I do believe school isn't just about the education (thank goodness!) but also the interaction of children with their peer groups & with other, in this case, foriegn / English speaking adults.
(I did homeschool my Year 7 daughter for 6 months, afternoons only, 2008/2009 when Okpo School totally lost the plot-then she attended GIFS for 6 months before we finally threw in the towel and moved to Busan).
I think it would feel isolating as a foreign child in a new 'strange' country being at home all day. Atleast at school they can mix with children in the 'same boat' as themselves. I personnally have tried to keep my children's lives as 'normal' as possible from babies to teens in Korea. Obviously the experience they have gained from living overseas and attending school with ever nationality under the sun is irreplacable. A lot of their life is centred around the school itself. There are very few other outlets for foreign children (especially as they get older).
I am also not 100% sure how you would go about starting an 'official' alternative to the International Schools here. A small unofficial homeschool group for young children is different. I know there are Korean kindergardens that take very young foreign children but eventually most foreign children on Geoje & in Busan will end up at Okpo School / Busan Int Schools (does anyone still travel the 3 hours to GIFS from Okpo?!). I am not sure foreign children are even allowed to attend Korean public schools? They would need to speak Korean fluently or be young enough to be immersed anyway. & the mixed Korean children I know who have attended were bullied until their parents removed them. There is big bucks to be made in providing education for foreigners at such an elevated rate (especially in Busan)I would have thought an independent company / business man would have cottoned on to this fact? Or has a 'block' been made to ensure there is no competition?! We will never know!! Busan International Foreign Schools building was given 'as a gift'! by Busan Government (I am guessing they would be the same people you need to go through to register 'your' proposed alternative foreign school?!)
Best of luck to you.
Top
lilley
Posted: 12 March 2014 - 08:50 PM
Hi all,
in the next three mnths me & my family are planning to move to geoji, im planning on home schooling. & just wondered if any one has set up a home schl network?
Or would any 1 like to set up a network?
Looking foward to an exciting journey!
Top
No school place at ISK!!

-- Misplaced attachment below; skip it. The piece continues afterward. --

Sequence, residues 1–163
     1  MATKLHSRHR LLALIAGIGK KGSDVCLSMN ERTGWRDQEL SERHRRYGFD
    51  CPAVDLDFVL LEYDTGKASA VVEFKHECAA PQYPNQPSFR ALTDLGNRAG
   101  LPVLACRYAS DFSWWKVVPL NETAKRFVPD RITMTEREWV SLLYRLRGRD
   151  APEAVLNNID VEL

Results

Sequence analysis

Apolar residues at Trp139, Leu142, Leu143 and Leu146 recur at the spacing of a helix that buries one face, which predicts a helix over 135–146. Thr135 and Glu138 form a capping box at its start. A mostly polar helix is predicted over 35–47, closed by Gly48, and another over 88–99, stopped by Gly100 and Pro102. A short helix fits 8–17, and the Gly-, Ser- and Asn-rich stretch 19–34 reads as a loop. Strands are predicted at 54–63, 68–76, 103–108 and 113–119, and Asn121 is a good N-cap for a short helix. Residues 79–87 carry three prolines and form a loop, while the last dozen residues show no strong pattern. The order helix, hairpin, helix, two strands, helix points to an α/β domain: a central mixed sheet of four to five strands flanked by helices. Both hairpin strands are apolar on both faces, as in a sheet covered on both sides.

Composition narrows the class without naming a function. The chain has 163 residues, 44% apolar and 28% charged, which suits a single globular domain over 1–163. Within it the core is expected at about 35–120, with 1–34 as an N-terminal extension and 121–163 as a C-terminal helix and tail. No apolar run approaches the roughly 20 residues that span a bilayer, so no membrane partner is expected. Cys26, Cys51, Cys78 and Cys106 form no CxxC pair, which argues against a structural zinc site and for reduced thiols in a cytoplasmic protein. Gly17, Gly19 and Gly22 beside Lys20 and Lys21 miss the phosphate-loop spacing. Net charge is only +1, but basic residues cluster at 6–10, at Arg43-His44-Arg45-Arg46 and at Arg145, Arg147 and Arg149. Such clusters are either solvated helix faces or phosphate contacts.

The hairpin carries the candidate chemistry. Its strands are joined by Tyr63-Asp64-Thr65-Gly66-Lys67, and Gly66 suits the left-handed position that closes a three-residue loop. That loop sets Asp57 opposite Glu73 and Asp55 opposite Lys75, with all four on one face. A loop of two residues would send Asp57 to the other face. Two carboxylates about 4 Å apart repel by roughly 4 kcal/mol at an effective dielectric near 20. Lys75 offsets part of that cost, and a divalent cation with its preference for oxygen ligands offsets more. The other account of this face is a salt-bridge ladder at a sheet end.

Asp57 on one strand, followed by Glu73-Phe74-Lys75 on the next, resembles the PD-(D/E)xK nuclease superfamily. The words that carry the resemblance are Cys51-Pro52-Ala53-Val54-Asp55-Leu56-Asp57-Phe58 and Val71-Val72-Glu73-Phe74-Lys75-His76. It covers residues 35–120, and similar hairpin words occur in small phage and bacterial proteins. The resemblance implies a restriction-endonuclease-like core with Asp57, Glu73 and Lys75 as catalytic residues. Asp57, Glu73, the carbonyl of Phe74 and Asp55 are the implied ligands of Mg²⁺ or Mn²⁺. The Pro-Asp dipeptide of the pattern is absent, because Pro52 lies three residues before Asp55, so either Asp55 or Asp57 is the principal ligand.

Posted: 17 September 2014 - 04:30 AM
Hello all - We are moving to Geoje from Perth in 3 weeks and the company has just told us that ISK cannot accommodate us until the new year. Maybe. We still want to come as a family but it looks like I will be home schooling for a short while until ISK has a spot for 2 of our children. (Currently Reception and Grade 1 Aussie boys. Is anyone in the same situation? Home schooling until ISK has a position? Has anyone else done this whilst waiting? What is the turn around time for the school? Does anyone have details of a nanny I could hire to play with my 2 year old during school hours whilst I'm (trying) to teach the kids? Many thanks to anyone who responds. I've had a few people suggest that the kids should stay in school here in Austraia and go to Geoje only when/if a placement becomes available. I think they are so little (7,5 and 2) that they would gain more from keeping the family together and experiencing another culture. Thoughts?
Top
Help please
Posted: 03 September 2015 - 01:11 AM
Hi all,
I came across this forum with the objective of knowing the pains and struggles of expat parents whose children are studying in Okpo or Busan. I've identified some such as:
-Quality of teachers
-High school students need to travel to Busan
-Enrolments fees (Overpriced?)
-Enrolment fees paid 6 months up front
-lack of subject options?

Did I miss something? I would love to hear from you guys..
Top
Dean
Posted: 26 February 2016 - 05:29 AM
Hi, My wife is home schooling our 3 children aged 6, 8 and 10. We are using the Brisbane School of Distance Education. Tonia and the kids only arrived last Saturday so still having some problems with setup. I'll get Tonia a phone next week but if anyone would like to contact her, the email is toniacecil@gmail.com. Alternatively my number is 010-4099-6936.

Cheers,

Dean Cecil
Top
GFRA Forums : New or Moving to Geoje - Q&A : Anyone Homeschool?

Reply to this topic
    Sign Guest Book  View Guest Book 
    GFRA
    info@gfra.net
    from overseas: (+82) 55 687 9332
    within Korea: 055 687 9332